All across Canada, there are small and medium-sized business owners who have gone to their banks to secure loans. As we’ve pointed out in many of our past blogs, a large number of these entrepreneurs are unsuccessful in securing their business loans. For those who are lucky enough to be approved by their banks, many find the entire process of borrowing money one that presents more difficulties than expected.
Of course, all loans must be paid back.
And when paying back a loan, a strict payment schedule must be adhered to. A minimum payment is due on a specific date each and every month. Depending on how well a business is functioning, it may be very difficult to keep up with those payments.
“Your sole obligation to the lender is to make your payments, but you’ll still have to make those payments even if your business fails,” explains Scott Allen on TheBalanceSMB.com, “And your lenders will have a claim for repayment before any equity investors if you’re forced into bankruptcy.”
Don’t try to pay back your loan too fast!
Some business owners think that if they take measures to pay back their loans quickly, it will help them to get out of debt quicker. This can have negative impacts on the business. For example, it can limit a company’s cash flow if too much money is designated for loan repayment each month. The Business Development Bank of Canada considers this one of the seven deadly sins in borrowing money for your business.
“Many business owners want to pay back their loans as quickly as possible in an effort to become debt free,” notes BDC.ca, “It’s important to reduce debt, but doing so too quickly can cost your business. That’s because you may leave yourself short of cash. Or the extra money you’re devoting to debt reduction might be better spent on profitable growth projects.”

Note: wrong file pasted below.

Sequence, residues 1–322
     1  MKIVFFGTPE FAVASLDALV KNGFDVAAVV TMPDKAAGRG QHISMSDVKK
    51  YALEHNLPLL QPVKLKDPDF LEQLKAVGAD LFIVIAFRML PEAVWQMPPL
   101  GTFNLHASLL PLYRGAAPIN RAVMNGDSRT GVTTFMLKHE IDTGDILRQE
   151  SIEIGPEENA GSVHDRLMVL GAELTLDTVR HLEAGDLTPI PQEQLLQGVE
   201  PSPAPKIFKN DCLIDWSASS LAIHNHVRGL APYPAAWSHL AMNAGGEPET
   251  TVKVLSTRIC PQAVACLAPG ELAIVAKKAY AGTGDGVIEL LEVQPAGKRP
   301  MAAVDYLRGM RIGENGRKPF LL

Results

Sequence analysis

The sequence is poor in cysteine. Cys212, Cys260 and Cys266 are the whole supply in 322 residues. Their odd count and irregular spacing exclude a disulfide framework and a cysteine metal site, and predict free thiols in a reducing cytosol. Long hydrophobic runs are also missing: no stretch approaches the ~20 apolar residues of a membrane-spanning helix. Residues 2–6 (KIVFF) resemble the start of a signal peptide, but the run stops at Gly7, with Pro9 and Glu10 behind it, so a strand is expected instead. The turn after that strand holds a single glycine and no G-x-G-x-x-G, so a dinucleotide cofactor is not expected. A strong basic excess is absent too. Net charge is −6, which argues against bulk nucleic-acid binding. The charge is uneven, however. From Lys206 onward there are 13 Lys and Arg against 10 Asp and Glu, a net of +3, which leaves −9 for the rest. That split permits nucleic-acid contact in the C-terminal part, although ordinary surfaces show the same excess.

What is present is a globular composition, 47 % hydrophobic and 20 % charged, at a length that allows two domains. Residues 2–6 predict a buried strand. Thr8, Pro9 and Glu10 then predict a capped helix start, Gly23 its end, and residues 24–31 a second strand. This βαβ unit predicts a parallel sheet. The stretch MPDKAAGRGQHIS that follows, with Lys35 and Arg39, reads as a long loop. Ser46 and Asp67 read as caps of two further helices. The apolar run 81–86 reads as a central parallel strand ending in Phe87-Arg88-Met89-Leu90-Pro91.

You may lose your collateral.
As we’ve noted in many of our past blogs, banks require collateral to be put on the line in order to approve a business owner for a loan. That means that if a loan goes into default, the bank can seize the personal property of the loan recipient. The loss of a home, vehicle or business only puts an individual in further debt.
Allen lists the loss of cash or collateral as one of the biggest drawbacks of borrowing money. “Even if you plan to use the loan to invest in an important asset, you’ll have to be sure that your business will generate sufficient cash flow by the time repayment of the loan is scheduled to begin,” he writes, “You’ll also most likely be asked to put up collateral to protect the lender in the event that you default on your payments.”
Avoid debt with a merchant cash advance!
At Synergy Merchants, we’re proud to offer Canadian business owners a method of getting business funding that won’t put them in debt. A merchant cash advance isn’t borrowed money. It’s a payment for future credit card and debit card sales. As a result, there is no fixed repayment schedule, credit histories aren’t impacted and no collateral is necessary.